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September 12, 2007

Nation’s Oldest Women’s History Archive to Turn 65—Loudly

The Sophia Smith Collection will open a gift during the birthday party: A new archive of oral histories.

NORTHAMPTON, Mass.—The Sophia Smith Collection at Smith College, the nation’s oldest women’s history archive, will not mark its 65th quietly.

On Friday and Saturday, Sept. 28 and 29, the collection will celebrate the power of women’s voices by—among other things—airing oral accounts of women typically overlooked in popular depictions of feminism as a white, middle-class movement.

Those oral histories are the culmination of the four-year initiative, called “Voices of Feminism” and supported by the Ford Foundation. A panel discussion about the project will kick off the two-day celebration at 7:30 p.m. Friday, Sept. 28, in Weinstein Auditorium, Wright Hall. Then, at 9 p.m., the Sophia Smith Collection will open the exhibit in the Alumnae Gymnasium.

The following day, Saturday, Sept. 29, will include a talk about the future of feminism by Smith alumna Gloria Steinem ’56 at 4 p.m. in Weinstein Auditorium. Steinem, editor, journalist and political activist for women’s equality, donated her personal papers to the collection and regularly performs research there. [To view Steinem's talk online, visit]

Saturday will also feature two panel discussions. The first, at 9:30 a.m., will spotlight the newly opened YWCA archives and, the second, at 1:30 p.m., will feature two new oral history projects. Both of those discussions will be held in the Weinstein Auditorium.

To date, the Voices of Feminism archive includes 50 oral histories with labor, peace and anti-racism activists, artists and writers; lesbian rights advocates; grassroots, anti-violence and anti-poverty organizers; and women of color reproductive justice leaders.

The interviews average about six hours and cover both personal life and political work. Most consist of original miniDV tapes, audiotape, compact discs and video or DVD copies and unedited and edited transcripts of the interviews. Several of the women interviewed have also donated their personal papers to the Sophia Smith Collection.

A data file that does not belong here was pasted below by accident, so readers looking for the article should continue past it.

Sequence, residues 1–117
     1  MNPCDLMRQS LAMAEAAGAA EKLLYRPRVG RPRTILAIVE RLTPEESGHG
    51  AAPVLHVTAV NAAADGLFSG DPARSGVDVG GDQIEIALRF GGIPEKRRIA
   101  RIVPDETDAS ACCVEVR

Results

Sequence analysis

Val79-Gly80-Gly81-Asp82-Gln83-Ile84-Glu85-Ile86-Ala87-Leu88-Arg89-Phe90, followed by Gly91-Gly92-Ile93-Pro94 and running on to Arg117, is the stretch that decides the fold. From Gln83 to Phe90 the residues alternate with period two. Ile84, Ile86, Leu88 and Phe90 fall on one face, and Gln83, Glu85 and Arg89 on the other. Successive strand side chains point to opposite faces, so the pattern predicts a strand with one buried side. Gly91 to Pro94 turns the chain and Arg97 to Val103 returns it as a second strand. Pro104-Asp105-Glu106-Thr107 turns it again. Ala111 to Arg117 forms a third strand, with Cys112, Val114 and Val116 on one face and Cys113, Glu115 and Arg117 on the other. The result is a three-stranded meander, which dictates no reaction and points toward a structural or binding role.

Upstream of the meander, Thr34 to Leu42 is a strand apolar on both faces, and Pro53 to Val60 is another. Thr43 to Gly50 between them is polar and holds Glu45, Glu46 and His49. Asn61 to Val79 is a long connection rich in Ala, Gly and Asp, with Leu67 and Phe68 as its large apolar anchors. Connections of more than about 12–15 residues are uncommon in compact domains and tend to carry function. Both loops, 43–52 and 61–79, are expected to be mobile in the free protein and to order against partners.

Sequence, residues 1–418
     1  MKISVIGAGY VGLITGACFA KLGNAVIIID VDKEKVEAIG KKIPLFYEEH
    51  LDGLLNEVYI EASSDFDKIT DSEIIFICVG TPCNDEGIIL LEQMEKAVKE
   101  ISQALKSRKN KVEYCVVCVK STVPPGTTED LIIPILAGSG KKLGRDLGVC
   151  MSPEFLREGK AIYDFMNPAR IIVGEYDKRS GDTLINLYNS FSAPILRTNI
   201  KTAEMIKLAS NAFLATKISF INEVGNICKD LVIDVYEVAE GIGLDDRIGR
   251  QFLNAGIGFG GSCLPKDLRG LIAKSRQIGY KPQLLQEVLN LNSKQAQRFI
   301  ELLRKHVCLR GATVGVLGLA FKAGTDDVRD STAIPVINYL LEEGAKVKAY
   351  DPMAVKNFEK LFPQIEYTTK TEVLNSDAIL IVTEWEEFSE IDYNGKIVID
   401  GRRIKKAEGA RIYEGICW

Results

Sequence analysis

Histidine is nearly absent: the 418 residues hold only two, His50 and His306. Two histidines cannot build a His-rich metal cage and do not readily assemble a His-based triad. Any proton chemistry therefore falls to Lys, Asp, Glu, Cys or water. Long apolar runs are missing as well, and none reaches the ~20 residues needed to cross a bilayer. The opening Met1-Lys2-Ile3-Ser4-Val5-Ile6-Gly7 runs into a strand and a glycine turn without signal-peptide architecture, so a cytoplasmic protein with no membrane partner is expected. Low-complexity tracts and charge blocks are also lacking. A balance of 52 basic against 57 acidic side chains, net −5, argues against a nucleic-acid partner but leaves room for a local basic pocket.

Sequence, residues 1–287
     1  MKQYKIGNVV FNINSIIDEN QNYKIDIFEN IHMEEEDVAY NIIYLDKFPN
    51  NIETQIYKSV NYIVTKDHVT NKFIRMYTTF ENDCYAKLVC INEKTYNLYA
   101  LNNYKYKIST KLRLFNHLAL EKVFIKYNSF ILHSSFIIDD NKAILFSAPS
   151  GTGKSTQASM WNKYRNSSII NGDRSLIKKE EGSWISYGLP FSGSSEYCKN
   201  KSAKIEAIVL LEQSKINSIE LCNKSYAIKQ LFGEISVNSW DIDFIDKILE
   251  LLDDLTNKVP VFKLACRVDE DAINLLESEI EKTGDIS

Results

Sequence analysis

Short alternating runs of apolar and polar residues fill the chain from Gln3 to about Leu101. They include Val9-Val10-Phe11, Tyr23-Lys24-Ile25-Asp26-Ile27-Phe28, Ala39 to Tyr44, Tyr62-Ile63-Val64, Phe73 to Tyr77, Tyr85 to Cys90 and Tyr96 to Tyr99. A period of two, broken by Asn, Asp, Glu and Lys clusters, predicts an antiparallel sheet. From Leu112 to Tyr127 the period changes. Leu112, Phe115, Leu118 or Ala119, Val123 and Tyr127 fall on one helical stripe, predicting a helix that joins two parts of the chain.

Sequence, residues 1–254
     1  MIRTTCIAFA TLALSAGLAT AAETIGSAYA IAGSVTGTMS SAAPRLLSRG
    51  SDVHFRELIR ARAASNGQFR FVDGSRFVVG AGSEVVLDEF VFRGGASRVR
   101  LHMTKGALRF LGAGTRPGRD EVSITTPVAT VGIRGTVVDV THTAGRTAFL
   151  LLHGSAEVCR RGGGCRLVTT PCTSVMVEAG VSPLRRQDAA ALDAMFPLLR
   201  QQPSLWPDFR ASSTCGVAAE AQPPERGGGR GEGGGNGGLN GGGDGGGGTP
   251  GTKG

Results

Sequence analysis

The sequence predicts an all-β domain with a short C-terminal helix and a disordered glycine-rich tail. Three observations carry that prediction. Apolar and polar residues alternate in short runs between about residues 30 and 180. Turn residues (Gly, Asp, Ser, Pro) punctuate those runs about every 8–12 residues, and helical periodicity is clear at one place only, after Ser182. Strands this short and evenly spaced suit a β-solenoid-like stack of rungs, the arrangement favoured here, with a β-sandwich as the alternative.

All events are free and open to the public. The full schedule of the two-day party is available online at

What does 65 look like?

Founded in 1942 by Margaret Storrs Grierson and later named in honor of the founder of the college, the Sophia Smith Collection has grown to 575 collections (9,000 square feet) of primary source material.

The holdings document the historical experience of women in the United States and abroad from the Colonial era to the present. Its strengths include material on birth control and reproductive rights, women’s rights, suffrage, the contemporary women’s movement, U.S. women working abroad, the arts, the professions and middle-class family life in 19th- and 20th-century New England. Many of these collections are rich sources of visual, as well as manuscript and printed material.

Never too old to stop working

The Sophia Smith Collection is now embarking on another venture: producing a documentary film on organizers who are women of color. The film is tentatively titled "And So We Speak: Women of Color and Reproductive Justice."

Smith College

Smith College educates women of promise for lives of distinction. By linking the power of the liberal arts to excellence in research and scholarship, Smith is developing leaders for society’s challenges. Smith is the largest undergraduate women’s college in the country, enrolling 2,800 students from nearly every state and 61 other countries.

Office of College Relations
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Northampton, Massachusetts 01063

Kristen Cole
Media Relations Director
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